Buying and Selling a Home With Mold
It is important for anyone interested in buying and selling a home to know that almost all real estate transactions can be saved when mold is discovered. Buying and selling a home with mold is not only possible, it is often far easier and cheaper to resolve than most people realize.
There are two primary concerns for both buyers and sellers of homes regarding mold:
Health effects of mold
Cost to fix the mold problem
Consider health effects of mold when buying real estate.
Let’s tackle the first issue: Health effects of mold.
Despite media hype, most health effects related to mold are exaggerated and unproven. To the best of our knowledge, there is no existing scientific proof that mold exposure is related to the onset of deadly diseases like cancer.
However, this is not to say there are no health effects from mold exposure. There can be health effects that are typically allergy related and similar to how someone might respond to other allergy irritants like pollen. Some mold symptoms can include a runny nose, nasal congestion, coughing, skin rash, eye irritation, sore throat, or sneezing.
If you have allergies like us, these above symptoms can make you feel miserable. So the mold problem should be taken care of properly before you move into your dream home. But there are other really important points for buyers and sellers to consider concerning mold health effects.
What to consider when buying a home with mold.
Everyone responds to mold differently.
There is a spectrum between those people who are very sensitive to mold versus. others who are not. The highest risk populations to mold exposure include infants and children, pregnant women, the elderly, people who are already sick or have existing health conditions and those who have respiratory conditions like asthma.
If a mold problem is fixed properly, you can rest easy.
It is not going to suddenly come back without warning in 5 years. Unless: the water problem is not fixed. In other words, the cause of all mold problems is: water. The presence of mold indicates a water problem. If the mold is properly removed, but the water problem remains unfixed, it is likely that the mold problem will return.
Paying for mold removal before selling a home
Mold Is Discovered During a Home Inspection. What Is Going To Cost To Fix?
The answer depends on several factors. But in some cases, believe it or not, you may be able to remove the mold yourself without seeking professional help.
Whether or not you can fix the mold problem yourself is based on several factors:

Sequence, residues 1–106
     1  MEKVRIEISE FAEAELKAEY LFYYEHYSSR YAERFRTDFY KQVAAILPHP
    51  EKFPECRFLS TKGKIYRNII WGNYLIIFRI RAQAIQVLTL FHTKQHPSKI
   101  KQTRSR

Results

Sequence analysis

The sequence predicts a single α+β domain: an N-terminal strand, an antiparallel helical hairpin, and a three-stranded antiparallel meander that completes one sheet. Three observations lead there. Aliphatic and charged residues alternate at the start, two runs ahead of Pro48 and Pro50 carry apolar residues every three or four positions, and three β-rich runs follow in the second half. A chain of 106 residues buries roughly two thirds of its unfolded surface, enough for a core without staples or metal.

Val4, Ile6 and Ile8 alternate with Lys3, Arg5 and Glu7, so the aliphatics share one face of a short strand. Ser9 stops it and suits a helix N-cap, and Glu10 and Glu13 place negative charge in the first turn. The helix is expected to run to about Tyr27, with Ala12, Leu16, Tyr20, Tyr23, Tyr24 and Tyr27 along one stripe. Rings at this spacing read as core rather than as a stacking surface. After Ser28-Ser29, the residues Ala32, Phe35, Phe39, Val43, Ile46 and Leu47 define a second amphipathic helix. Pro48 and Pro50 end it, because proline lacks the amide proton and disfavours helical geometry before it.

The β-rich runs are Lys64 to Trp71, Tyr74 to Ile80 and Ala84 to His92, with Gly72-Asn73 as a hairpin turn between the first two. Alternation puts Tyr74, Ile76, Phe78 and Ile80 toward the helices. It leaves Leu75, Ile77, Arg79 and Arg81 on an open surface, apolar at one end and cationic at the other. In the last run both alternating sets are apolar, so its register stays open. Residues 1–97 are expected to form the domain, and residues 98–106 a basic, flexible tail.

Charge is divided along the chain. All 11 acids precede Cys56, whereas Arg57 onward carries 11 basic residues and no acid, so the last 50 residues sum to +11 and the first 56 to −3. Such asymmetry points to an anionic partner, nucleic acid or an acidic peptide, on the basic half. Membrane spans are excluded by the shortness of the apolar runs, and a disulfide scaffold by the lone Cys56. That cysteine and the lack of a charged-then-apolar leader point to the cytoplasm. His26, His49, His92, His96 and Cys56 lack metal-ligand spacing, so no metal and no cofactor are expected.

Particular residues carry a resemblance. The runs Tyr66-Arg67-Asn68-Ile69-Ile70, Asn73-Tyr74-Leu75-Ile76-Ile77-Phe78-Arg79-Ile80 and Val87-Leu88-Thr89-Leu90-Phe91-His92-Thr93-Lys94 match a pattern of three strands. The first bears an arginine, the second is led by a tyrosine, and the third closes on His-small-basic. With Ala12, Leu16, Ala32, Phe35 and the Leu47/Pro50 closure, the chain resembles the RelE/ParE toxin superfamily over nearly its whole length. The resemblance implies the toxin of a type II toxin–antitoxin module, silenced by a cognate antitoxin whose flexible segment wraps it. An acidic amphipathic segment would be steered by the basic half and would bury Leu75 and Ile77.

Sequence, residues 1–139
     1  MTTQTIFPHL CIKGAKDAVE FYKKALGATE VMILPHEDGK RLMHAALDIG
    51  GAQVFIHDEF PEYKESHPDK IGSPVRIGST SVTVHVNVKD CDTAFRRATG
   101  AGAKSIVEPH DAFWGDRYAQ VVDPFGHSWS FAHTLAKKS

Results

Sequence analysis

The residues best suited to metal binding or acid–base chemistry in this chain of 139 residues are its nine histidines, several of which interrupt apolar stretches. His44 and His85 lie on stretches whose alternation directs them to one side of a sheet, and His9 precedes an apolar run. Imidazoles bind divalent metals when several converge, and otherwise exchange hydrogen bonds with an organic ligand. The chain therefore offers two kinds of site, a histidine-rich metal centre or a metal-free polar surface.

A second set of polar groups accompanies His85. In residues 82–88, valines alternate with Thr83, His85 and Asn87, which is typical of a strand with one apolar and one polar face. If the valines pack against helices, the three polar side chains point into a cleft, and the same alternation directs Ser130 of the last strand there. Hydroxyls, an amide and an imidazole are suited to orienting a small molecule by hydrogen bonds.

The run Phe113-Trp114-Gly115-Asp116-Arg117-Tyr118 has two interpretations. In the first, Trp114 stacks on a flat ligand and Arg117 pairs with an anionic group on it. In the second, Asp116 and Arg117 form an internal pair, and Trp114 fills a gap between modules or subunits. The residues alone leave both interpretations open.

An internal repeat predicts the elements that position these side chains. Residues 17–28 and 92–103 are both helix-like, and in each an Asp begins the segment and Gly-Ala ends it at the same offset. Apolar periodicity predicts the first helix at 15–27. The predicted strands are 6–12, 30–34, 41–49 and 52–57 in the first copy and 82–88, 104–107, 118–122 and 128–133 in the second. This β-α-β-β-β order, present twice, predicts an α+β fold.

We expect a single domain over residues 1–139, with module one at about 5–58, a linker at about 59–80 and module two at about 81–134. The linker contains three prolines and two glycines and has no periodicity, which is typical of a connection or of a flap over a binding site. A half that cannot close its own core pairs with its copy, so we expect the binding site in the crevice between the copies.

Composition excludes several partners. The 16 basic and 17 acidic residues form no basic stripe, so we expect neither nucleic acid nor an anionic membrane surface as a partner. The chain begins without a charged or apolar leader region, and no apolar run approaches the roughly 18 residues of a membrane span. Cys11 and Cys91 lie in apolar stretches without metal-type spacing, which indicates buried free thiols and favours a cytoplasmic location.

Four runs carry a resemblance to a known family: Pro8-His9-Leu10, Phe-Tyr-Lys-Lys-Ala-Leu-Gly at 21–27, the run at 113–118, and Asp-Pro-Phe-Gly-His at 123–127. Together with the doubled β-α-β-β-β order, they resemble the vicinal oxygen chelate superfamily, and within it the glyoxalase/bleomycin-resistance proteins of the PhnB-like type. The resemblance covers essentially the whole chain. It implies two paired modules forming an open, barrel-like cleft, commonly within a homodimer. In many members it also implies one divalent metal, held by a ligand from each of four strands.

Size of contamination area: According to the EPA, if the mold area is less than about 10 square feet, it may be manageable without professional help. This is not a hard and fast rule but just a general guideline and other factors such as the extent of the water damage overall need to be considered.
How handy the individual is: You should be comfortable and experienced with doing household repairs because even many minor mold jobs usually involve using tools, taking down drywall, etc. Do your research or check out our DIY Mold Removal eBook.
Susceptibility to mold health effects: People who are sensitive to mold or who fall into the high risk group above should not be around mold and should leave the removal to professionals.
Location of the mold: Confined spaces like crawl spaces and attics often have mold. Due to the tight space, reduced ventilation and higher risk of injury it is recommended to seek professional services for mold removal in these areas.
If mold is discovered during a real estate transaction and the parties decide to hire a professional to fix it, how much is it going to cost?
The answer: Anywhere from a few hundred dollars to a few thousand or more.
It just depends on the extent of the mold problem and how much work is going to be needed. But based on our experience, most mold problems in real estate transactions are usually on the smaller size and cost far less than most sellers and buyers would assume.
Mold is discovered during a home inspection. Is it necessary to hire a mold inspector?
The answer: usually no. The reason: once you know you have mold, you just need to get rid of it. This is the same advice the EPA provides.
Buyers and Sellers, take note:
Attics and crawl spaces are without a doubt the two most likely places that a home inspector is going to find mold. This discovery often catches buyers and sellers by surprise because neither probably looked in these spaces beforehand. Our advice to sellers is for you or someone else to take a quick look at your attic or crawlspace before you put your home in the market to check for mold. If mold is discovered, it is much better to fix it before you list your property.
Mold Disclosure Laws
One final thing to note is that mold disclosure laws vary from state to state. This means some states require sellers to disclose the presence of existing mold or prior mold, while others do not.
What does all of this mean if you are buying or selling a home and mold is involved? To summarize:
If you are a buyer of a home, don’t walk away from your dream home because a little mold is discovered. In fact, you may even receive a great deal on a home with mold because other buyers will lose interest due to lack of education. And you can usually skip the mold inspection.
If you are a seller of a home, don’t panic. Many mold problems are far cheaper to fix than most realize and can sometimes be done by the homeowner.
If you are the buyer or the seller (or anyone else for that matter), health effects of mold are typically allergy related and other symptoms are often unproven. Also, mold disclosure laws vary from state to state.
Are you in STL or CHI? Got a mold problem?
or call us at (888) 725-3134